No institutional selling was detected by the TICK chart last week. This is an important fact as it applies to your trading psychology.
The TICK chart above is through the close of last Thursday and the big sell off on that day. Notice that the -167 at the close is consistent with normal retail trader activity. If institutional traders were selling last Thursday, the reading would have been below -700. The TICK suggests that you should be cautious about going long anything right now but not outright bearish.
I think we need to continue to screen for our favorite chart patterns and build a small list of stocks that you are ready to go long as soon as the major indices show more of a consolidation pattern.
Last week was a big week for trader psychology with multiple economic reports showing the US economy was not in free fall. The Fed Funds Futures market is pricing in a 43.3% probability of a rate hike by December 14, 2016.
Below is a quick breakdown of the better than expected economic reports last week.
US retail sales jumped more than expected.
I was not included in the Reuters polling, but I would have estimated 0.1 too.
What this means is that many traders realized they were a little too bearish after the crash of the May jobs report to 11K.
Retail sales including food services, excluding motor vehicle and parts, also crushed expectations to the upside.
Once again polling data showed that traders were a lot more bearish than was warranted.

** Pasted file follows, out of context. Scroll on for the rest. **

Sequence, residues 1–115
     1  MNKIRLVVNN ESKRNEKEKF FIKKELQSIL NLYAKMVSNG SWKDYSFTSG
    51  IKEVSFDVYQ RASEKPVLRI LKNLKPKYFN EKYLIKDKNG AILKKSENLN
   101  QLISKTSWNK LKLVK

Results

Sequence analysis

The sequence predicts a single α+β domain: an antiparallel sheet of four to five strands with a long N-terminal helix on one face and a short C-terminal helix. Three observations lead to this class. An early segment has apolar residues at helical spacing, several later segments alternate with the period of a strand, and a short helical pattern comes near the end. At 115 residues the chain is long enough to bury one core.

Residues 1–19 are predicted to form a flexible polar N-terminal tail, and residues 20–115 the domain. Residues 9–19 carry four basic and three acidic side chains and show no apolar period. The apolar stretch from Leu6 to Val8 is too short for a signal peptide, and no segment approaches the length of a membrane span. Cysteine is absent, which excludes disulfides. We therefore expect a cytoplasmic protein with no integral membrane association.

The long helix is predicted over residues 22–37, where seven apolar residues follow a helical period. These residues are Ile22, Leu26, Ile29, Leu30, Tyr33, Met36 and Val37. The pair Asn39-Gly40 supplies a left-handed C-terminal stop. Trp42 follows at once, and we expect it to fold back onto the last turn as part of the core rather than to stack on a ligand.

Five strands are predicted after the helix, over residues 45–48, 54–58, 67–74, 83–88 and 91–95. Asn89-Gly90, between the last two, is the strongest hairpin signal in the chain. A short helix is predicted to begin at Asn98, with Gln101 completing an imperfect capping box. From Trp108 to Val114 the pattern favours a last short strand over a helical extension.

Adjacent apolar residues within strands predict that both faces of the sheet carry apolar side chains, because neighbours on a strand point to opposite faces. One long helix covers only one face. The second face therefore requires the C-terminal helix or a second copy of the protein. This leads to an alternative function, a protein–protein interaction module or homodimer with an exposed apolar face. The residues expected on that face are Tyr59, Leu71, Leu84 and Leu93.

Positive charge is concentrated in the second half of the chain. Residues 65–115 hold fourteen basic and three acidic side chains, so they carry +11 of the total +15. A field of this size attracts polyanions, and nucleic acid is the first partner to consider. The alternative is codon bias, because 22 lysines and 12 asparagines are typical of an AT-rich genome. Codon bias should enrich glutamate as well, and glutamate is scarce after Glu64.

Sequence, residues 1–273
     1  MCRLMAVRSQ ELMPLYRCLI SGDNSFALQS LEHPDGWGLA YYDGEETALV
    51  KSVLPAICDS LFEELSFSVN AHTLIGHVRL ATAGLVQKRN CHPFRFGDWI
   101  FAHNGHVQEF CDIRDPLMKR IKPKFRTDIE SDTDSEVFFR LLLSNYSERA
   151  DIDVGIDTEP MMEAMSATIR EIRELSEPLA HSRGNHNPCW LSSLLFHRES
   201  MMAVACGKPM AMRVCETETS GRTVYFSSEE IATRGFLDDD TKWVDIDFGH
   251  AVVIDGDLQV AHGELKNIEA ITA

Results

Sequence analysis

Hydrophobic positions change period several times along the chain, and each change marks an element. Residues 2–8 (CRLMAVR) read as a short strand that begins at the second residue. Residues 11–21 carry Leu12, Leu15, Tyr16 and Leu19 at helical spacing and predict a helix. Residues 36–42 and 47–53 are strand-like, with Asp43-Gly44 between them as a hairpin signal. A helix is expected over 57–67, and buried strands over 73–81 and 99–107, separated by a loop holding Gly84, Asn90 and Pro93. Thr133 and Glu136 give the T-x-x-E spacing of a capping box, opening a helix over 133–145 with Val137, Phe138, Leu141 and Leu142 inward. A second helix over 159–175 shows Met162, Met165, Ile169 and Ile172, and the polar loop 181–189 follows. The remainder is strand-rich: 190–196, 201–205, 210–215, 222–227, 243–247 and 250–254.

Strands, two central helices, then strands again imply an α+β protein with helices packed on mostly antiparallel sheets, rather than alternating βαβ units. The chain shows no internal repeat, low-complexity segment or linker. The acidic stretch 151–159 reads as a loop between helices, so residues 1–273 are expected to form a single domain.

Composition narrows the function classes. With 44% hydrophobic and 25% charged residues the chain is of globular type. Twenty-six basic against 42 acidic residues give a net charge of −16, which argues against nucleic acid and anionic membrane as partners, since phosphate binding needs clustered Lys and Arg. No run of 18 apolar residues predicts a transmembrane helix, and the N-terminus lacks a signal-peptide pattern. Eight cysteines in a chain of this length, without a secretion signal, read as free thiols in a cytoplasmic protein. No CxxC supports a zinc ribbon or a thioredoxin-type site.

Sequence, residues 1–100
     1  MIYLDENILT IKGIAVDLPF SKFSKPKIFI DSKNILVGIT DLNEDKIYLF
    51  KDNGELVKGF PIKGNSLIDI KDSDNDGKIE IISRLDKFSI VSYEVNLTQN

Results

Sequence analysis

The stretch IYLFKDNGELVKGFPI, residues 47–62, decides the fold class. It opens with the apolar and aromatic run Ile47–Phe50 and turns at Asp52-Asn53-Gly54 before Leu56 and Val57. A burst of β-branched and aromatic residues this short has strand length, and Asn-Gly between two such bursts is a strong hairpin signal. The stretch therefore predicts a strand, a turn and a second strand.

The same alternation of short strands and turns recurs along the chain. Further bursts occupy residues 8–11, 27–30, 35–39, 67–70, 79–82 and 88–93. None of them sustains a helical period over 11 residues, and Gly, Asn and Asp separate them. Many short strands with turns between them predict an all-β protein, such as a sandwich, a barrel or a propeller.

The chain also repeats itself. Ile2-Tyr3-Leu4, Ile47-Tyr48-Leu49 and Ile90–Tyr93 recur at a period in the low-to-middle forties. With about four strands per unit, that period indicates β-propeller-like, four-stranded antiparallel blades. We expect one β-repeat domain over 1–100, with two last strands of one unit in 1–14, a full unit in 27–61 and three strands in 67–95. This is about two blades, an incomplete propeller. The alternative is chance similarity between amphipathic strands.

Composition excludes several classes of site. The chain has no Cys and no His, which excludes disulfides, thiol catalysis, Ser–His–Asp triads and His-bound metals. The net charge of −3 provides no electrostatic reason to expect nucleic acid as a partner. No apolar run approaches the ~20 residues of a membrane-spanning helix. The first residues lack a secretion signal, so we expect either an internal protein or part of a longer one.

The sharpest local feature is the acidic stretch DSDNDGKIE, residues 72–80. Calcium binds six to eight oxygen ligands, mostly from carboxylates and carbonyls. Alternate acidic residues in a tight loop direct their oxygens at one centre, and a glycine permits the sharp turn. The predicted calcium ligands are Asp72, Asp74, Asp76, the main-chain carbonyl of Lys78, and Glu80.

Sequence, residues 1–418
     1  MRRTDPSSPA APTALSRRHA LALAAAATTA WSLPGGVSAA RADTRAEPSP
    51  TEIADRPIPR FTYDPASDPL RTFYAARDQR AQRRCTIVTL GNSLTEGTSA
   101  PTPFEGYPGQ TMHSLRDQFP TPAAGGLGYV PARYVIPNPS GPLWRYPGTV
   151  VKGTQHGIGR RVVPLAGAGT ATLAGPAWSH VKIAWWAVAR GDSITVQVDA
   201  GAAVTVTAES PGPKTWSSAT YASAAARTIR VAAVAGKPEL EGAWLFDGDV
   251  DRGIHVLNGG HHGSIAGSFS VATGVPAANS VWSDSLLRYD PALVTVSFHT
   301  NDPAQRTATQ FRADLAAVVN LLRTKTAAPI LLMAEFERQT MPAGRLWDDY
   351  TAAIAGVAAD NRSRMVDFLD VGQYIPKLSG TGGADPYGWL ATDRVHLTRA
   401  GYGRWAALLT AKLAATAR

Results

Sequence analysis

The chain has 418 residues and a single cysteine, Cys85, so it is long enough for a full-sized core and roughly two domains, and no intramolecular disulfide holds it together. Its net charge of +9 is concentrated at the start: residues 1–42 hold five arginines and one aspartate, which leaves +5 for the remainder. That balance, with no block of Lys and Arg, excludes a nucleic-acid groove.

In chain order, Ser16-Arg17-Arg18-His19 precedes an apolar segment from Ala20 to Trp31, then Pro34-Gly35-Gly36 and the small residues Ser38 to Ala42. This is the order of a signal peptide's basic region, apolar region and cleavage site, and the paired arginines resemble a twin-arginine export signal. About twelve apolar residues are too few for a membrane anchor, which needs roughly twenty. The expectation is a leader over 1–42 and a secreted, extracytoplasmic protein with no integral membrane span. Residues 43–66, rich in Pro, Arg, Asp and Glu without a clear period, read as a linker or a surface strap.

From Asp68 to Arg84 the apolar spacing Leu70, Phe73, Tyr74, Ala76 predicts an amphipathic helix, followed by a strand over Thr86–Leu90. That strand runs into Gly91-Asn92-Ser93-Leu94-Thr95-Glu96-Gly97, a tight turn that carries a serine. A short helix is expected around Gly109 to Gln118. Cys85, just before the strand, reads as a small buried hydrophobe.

Just when you think we have a pattern of good numbers, a big negative number messes with the pattern and keeps us all on our toes. Check out how weak the clothing and apparel component of the retail sales report is.
The CPI is finally moving higher, and it looks like we have a confirmed uptrend.
Core CPI rose perfectly in line with expectations, coming in above the Fed’s target of 2%. The Fed Funds Futures market immediately jumped from a 37% to 43.3% probability of a rate hike by December 14, 2016.
The only reason why the core CPI was not up more was that energy services pulled the number down. If we remove energy from the equation, the CPI would be up nearly 3.2%.
The CPI less energy services chart above suggests that once energy services deflation eases, we could see a rapid surge in the core CPI number. How much should the Fed let the Saudi Arabia attack against US oil producers impact their rate hike schedule? The Federal Reserve doesn’t want to wait too long to increase rates thinking that inflation is lower than what it is.
The Atlanta Fed’s Wage Growth Tracker shows wages rising +3.6% year over year. That’s a nice improvement in pay. The Fed watches this indicator very closely.
In light of last week’s economic reports, I think we can’t be so bearish on the economy. We are still in the worst six months of the year, and the stock market could crash anytime between now and the end of October. However, we are not as close to the edge of the recession cliff as we seemed to be on June 3, 2016, when the horrible May jobs report was released.
A big part of profitable trading is psychology and shifting with the economic data when it surprises to either the upside or the downside.